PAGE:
Rep. Pete Lucido (R-Shelby Township) Wants To Take Money Intended To Help Catastrophically Injured Car Crash Victims To Patch MI’s Pothole-Pocked Roads
Should lawmakers raid the Michigan Catastrophic Claims Association (MCCA) and use its reserves to pay to fix Michigan’s roads?
Thankfully, Gov. Rick Snyder said “No.” Unequivocally.
That’s the right decision because the monies held by the MCCA are held for one reason and one reason only:
To pay for the No Fault medical benefits of catastrophically injured auto accident victims.
The MCCA’s not in the business of making loans or giving away money to fix the problems that lawmakers’ intransigence has prevented them from fixing.
Yet, one lawmaker inexplicably thinks it’s okay to siphon off the MCCA’s money and dump it into Michigan’s bottomed-out roads budget.
I’ve heard some poorly thought-out ideas that harm Michigan auto insurance consumers and auto crash victims, but this one definitely takes the cake.
Rep. Peter J. Lucido (R-Shelby Township) told WWJ-950 Legal Analyst Charlie Langton (according to a CBS Detroit news report):
“I’d like to take out enough money [out of the Michigan Catastrophic Claims Association fund] to make the repairs for the roads – no more taxes – and give them back the right roads that they deserve …”
According to the October 23, 2015, story, Langton reports that Rep. Lucido – who is a Michigan licensed attorney and an insurance agent – said:
- “[T]here’s over $20 billion in the state’s catastrophic claims fund – that is just sitting there.”
- “[T]he money in the fund is not being used for anything.”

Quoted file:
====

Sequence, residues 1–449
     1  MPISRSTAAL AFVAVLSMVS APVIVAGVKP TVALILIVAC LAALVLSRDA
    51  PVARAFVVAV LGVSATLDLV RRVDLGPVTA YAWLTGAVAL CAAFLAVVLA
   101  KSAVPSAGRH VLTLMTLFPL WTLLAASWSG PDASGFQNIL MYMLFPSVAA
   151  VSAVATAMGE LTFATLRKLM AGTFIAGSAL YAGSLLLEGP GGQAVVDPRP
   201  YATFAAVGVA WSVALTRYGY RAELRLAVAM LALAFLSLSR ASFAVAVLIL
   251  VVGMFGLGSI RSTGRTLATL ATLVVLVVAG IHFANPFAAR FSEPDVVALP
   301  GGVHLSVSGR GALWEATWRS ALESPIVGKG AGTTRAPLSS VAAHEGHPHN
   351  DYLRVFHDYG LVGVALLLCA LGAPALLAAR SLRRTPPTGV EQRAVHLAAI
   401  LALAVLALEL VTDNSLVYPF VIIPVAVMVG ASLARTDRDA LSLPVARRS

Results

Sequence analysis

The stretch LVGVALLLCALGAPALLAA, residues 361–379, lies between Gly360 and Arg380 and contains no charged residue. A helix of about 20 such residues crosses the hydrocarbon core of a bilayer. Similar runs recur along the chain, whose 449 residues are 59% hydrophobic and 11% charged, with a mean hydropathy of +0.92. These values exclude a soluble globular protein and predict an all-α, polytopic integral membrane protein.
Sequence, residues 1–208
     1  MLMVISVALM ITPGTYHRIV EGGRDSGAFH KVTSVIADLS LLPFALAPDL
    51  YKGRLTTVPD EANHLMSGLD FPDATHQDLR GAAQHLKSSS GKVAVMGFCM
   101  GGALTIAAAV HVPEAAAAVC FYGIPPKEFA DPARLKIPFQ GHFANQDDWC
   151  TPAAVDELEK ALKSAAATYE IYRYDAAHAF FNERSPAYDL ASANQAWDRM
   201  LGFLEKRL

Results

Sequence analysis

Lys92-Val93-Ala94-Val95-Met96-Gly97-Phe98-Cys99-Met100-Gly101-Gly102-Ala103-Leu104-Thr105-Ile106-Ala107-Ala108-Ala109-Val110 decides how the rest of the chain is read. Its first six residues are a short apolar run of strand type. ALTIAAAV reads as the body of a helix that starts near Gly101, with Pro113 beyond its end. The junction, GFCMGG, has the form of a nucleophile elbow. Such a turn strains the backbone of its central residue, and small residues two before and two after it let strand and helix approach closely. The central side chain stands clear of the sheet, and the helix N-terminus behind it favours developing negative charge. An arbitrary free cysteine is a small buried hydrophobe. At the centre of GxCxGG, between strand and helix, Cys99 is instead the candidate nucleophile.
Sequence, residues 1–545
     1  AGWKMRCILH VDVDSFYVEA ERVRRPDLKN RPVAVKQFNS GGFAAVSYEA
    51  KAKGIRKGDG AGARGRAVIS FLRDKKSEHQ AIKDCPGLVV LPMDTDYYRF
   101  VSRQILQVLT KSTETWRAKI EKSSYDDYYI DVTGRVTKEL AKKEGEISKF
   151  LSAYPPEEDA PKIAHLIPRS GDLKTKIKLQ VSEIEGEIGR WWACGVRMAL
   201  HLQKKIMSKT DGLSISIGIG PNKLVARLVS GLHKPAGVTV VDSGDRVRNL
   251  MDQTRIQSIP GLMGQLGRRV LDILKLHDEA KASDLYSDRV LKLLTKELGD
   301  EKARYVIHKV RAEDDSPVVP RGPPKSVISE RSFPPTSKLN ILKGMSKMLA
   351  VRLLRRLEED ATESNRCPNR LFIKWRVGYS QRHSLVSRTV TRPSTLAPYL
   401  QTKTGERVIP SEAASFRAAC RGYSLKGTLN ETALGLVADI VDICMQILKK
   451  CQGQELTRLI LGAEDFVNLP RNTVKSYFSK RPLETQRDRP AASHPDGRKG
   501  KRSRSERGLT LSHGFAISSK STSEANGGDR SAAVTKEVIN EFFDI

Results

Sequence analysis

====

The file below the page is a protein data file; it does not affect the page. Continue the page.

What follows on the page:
- “‘[I]t’s stockpiled, stockpiled, stockpiled.'”
Gov. Snyder wasn’t sold on Rep. Lucido’s plan.
According to Langton’s CBS Detroit report, the Governor explained that the money in the MCCA’s catastrophic claims fund “is stockpiled for future accident claims.”
Langton quoted Gov. Snyder as saying: “It’s not just the expenses today – it’s the future cost.”
Similarly, in an interview with Mr. Langton for Fox 2 News Detroit, Gov. Snyder said:
“Those funds are dedicated to people who are having accidents and need for their medical expenses.”
Gov. Snyder is right.
And Rep. Lucido is way wrong.
At a minimum, there are four compelling reasons why the MCCA’s funds can’t be raided by Rep. Lucido to pay to patch Michigan’s pothole-pocked roadways:
The MCCA’s money is needed – and collected for the sole purpose – of fulfilling the MCCA’s legal obligation to pay for the No Fault medical benefits of catastrophically injured auto accident victims.
- The MCCA’s existing funds are committed to enabling the MCCA to pay for the existing and projected liabilities that the MCCA is obligated to pay.
- The funds in the MCCA’s possession were, ultimately, paid for by Michigan auto insurance consumers, who had the reasonable and legally-based expectation that the monies would be used exclusively to pay for No Fault medical benefits in the event they were catastrophically injured in a Michigan car crash.
- The MCCA is still running a $410 million deficit and, thus, has no extra money “just sitting there” or “‘stockpiled'” to be loaned out or given away.
For more about the MCCA’s financial condition, please check out Michigan Auto Law’s blog post “4 reasons the MCCA should lower its car insurance assessment”:
Despite Gov. Snyder’s opposition to the idea, Langton reported that Rep. Lucido “plans to introduce a bill which would ask for a public vote to take money for Michigan roads from the catastrophic claims fund.”
Let’s hope Rep. Lucido gets the message from Gov. Snyder and redirects his efforts to finding a fix for Michigan roads that doesn’t involve abandoning Michigan car accident victims on the roadside without the No Fault benefits they need – and reasonably expected.